out of

Directed by Fabrice du Welz

While it's clear right from the get-go that director Fabrice du Welz is looking to emulate the success of other disturbing French movies like Irreversible and Haute Tension, Calvaire's leaden pace and increasingly absurd plot twists make that impossible. Laurent Lucas stars as Marc Stevens, a magician whose van breaks down in the middle of nowhere en route to a gig. He's assisted by a helpful inn keeper named Paul Bartel (no, really), whose kindness quickly transforms into something far more sinister. Calvaire seems to be building up to something monumentally creepy, particularly with the presence of so many oddball periphery characters (including a gruff farmer played by Irreversible and Haute Tension co-star Phillipe Nahon). And while du Welz occasionally infuses the film with some much-appreciated instances of style - including a couple of blatantly obvious yet highly entertaining shots "inspired" by Brian De Palma - the payoff isn't even remotely worth the almost interminable setup, something that's exacerbated by du Welz's reluctance to show gore (he'll often cut away just prior to a violent act).

out of

Land of Plenty
Directed by Wim Wenders

Land of Plenty is the sort of movie film critics like to refer to as an interesting failure, though there's no denying the fact that it's a marked improvement over some of director Wim Wenders' more recent efforts (ie The End of Violence). The movie stars Michelle Williams as Lana, a young girl who returns home to the United States after several years of living in Israel. Her only relative in the country is Paul (John Diehl), though he proves difficult to track down (a Gulf War veteran, he spends his days spying on possible terrorists). As an examination of the post-9/11 landscape, Land of Plenty is undoubtedly a success. The film effectively captures the sense of paranoia and shortsightedness that seems to have plagued the United States since that horrific event. And though the movie has some genuinely interesting ideas - including frank conversations on homelessness and 9/11 - Wenders spends the bulk of the story's midsection focusing on Paul's investigation of a potential terrorist plot, a choice that eventually proves to be the film's undoing. Still, the performances are incredibly strong - Williams effectively steps out of the Dawson's Creek mold, while character actor Diehl does a nice job of portraying Paul's weariness - and Wenders' decision to shoot the movie using digital cameras isn't nearly as distracting as it could've been (ie Collateral). Ultimately, though, Land of Plenty just doesn't work - though you've got to admire Wenders for trying something different.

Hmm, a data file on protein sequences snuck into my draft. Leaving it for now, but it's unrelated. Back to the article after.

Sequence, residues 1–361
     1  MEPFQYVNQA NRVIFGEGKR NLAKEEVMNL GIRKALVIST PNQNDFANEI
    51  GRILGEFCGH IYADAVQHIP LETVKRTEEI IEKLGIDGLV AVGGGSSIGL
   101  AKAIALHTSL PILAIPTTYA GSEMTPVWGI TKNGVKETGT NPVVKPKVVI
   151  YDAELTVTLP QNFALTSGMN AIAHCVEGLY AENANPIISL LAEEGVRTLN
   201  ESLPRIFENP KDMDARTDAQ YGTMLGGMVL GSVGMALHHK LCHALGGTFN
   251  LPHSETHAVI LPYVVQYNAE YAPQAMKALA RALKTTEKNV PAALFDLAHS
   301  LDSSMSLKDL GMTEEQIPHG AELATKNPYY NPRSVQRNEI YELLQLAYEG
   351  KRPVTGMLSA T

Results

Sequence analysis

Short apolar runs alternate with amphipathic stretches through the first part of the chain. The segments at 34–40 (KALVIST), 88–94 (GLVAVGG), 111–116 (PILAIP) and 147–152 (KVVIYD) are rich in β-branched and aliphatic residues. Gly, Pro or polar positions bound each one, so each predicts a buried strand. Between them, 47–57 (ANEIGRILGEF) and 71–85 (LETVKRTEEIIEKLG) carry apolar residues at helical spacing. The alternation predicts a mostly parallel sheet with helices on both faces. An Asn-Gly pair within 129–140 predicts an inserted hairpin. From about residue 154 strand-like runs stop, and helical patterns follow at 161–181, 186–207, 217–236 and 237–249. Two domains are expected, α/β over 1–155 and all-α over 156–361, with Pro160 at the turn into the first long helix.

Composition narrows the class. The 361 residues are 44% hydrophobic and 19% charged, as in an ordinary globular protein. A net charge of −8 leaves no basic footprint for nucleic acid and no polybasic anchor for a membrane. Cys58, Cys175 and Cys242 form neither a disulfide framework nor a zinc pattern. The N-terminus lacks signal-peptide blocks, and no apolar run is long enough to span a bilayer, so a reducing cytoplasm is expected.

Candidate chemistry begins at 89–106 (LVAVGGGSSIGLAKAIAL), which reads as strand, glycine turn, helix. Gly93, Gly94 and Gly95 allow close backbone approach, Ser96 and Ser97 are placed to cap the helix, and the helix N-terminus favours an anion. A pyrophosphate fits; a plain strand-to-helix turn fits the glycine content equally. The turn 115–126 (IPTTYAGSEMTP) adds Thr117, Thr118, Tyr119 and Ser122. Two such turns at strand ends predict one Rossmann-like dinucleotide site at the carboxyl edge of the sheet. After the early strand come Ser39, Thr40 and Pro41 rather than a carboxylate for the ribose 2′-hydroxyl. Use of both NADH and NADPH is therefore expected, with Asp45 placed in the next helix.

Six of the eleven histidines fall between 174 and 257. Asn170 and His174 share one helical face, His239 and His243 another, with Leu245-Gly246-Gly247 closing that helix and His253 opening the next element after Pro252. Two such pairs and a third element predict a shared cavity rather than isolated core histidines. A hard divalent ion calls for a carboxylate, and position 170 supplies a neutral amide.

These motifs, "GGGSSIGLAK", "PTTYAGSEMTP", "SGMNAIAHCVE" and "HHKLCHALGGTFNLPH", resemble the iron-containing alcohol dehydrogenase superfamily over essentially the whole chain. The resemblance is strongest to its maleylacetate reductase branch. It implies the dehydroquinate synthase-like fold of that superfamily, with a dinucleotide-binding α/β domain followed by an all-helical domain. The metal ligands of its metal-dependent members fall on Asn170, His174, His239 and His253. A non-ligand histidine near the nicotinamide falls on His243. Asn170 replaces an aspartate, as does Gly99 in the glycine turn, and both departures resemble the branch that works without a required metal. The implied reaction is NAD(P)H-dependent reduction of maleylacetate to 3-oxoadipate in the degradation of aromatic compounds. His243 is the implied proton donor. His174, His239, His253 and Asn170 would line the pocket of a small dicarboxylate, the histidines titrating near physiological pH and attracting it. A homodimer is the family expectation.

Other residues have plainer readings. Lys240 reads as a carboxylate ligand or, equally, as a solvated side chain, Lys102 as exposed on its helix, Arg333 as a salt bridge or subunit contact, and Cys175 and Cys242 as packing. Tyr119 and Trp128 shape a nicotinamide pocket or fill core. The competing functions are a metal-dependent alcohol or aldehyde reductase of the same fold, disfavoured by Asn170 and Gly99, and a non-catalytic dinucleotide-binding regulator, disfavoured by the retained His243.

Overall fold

out of

The Sea Inside
Directed by Alejandro Amenabar

The Sea Inside tells the true story of Ramón Sampedro (played by Javier Bardem), a quadriplegic who spent 30 years fighting for his right to die. Director Alejandro Amenabar tells this story simply and effectively, resisting the temptation to liven things up with unnecessary visual flourishes (something that can't be said of Whose Life Is It Anyway?, the John Badham movie with a similar premise). Of course, The Sea Inside wouldn't be nearly as compelling as it is if it weren't for Bardem's fantastic performance - a feat made all the more impressive considering the actor spends the majority of the film completely unable to move. It's Bardem's acting that makes it easy enough to overlook the film's occasional jaunts into melodrama, while even the most jaded viewer will find it difficult to resist the inherent power of this story.

out of

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© David Nusair